LONDON (Reuters) - Zinc is the latest industrial metal to stage a full COVID-19 recovery.
London Metal Exchange (LME) three-month zinc hit a six-month high of $2,312 per tonne on Thursday. At the height of the industrial metals’ coronavirus meltdown in March, zinc touched a four-year low of $1,675, at which stage it was down 22% on the start of the year. The gap is now less than 1%.
The exuberance comes despite a surge in LME warehouse stocks, which at 188,175 tonnes are the highest they’ve been since October 2018.
It’s an ominous sign of the potential mountain of unsold inventory that has accumulated during the lockdown of large swaths of global manufacturing capacity.
Investors seem to be unfazed, lifting long positions in both London and Shanghai markets with the focus on the unfolding Chinese recovery story.
Rising LME zinc stocks, however, highlight the narrative tension with the rest of the world, which is recovering only fitfully or not at all.
LME warehouses have seen cumulative inflows of 71,525 tonnes since the start of last week.
The arrivals have been concentrated on Malaysia’s Port Klang (12,025 tonnes), Singapore (24,150 tonnes) and New Orleans (29,500 tonnes). The latter has long been a favourite traders’ storage hub since the city is stranded in terms of zinc consumption, meaning stocks can build without undermining physical premiums elsewhere.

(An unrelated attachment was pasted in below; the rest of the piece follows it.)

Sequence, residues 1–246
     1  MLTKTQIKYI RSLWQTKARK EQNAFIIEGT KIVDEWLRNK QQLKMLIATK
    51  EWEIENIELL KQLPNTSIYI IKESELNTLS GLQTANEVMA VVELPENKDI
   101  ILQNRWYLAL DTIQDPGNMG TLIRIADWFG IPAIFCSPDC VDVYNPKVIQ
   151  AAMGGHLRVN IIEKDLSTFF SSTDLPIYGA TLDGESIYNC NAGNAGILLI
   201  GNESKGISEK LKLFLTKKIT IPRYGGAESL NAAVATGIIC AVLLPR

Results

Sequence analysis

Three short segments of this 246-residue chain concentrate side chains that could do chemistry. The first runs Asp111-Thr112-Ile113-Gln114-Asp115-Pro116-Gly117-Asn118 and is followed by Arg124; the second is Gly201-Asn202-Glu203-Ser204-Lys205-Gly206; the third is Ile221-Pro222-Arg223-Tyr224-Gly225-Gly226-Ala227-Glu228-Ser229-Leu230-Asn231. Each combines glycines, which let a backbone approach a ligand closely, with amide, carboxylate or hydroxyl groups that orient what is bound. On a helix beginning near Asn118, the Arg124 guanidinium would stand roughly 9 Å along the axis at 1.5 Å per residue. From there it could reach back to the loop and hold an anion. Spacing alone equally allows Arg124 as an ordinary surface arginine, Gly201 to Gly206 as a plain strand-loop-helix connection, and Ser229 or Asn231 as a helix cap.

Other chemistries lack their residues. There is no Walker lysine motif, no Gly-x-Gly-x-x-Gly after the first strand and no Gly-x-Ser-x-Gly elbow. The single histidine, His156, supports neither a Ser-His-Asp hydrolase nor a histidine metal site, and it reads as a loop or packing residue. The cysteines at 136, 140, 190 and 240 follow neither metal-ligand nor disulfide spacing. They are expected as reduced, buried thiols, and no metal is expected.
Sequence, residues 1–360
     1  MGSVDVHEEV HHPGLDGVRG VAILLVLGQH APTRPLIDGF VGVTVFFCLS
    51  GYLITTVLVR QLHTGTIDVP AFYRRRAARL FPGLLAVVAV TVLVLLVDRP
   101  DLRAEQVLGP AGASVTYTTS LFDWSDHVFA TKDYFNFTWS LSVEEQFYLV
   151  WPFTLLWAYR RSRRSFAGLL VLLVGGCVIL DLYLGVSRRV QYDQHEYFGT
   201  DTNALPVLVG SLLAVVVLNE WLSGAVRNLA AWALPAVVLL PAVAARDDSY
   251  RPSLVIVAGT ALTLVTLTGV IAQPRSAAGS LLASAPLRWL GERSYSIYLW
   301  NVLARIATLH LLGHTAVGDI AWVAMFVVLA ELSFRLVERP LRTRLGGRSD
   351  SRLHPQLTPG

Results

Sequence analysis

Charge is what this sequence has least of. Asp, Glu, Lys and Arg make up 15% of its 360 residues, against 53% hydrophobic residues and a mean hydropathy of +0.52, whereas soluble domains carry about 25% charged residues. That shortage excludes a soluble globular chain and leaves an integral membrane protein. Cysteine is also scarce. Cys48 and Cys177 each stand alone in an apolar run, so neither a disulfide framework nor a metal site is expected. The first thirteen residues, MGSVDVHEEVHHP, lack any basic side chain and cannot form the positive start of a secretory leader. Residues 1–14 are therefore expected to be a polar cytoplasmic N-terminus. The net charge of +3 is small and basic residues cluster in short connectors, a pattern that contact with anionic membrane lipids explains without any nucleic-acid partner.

Sometimes metal is drawn to LME warehouses by a premium for cash metal. But there has been no such premium in the London zinc contract since May, since when the benchmark cash-to-three-months timespread has traded in gentle contango.
Lacking any obvious pull, the inference is that the metal has been pushed onto the exchange as surplus inventory accumulates in the physical market.
LME stocks are now up by 136,975 tonnes on the start of the year. However, the International Lead and Zinc Study Group (ILZSG) estimates the global refined zinc market registered a supply surplus of 241,000 tonnes in January-May alone.
Analysts at CRU are looking at a 485,000-tonne surplus over the course of the year, while the median forecast in Reuters’ July poll of analysts was a surplus of 403,000 tonnes.
It’s hard to avoid the conclusion that more metal is likely to find its way into LME warehouses over the coming weeks and months.
The looming shadow of surplus hasn’t, however, deterred speculative money from flowing into the zinc market.
Investment funds tracked by the LME’s Commitments of Traders Report turned collectively net short of zinc in February, unsurprisingly given the scale of the first-quarter price collapse.
Those shorts have since been covered and net positioning turned bullish again earlier this month. The net long remains modest at 6,102 contracts but the change in sentiment is clear.
LME broker Marex Spectron publishes its own estimates of speculative positioning but has picked up the same trend. As of Monday’s close of business zinc “exhibits a net spec long of 3.4% of open interest, which is close to year-to-date highs”.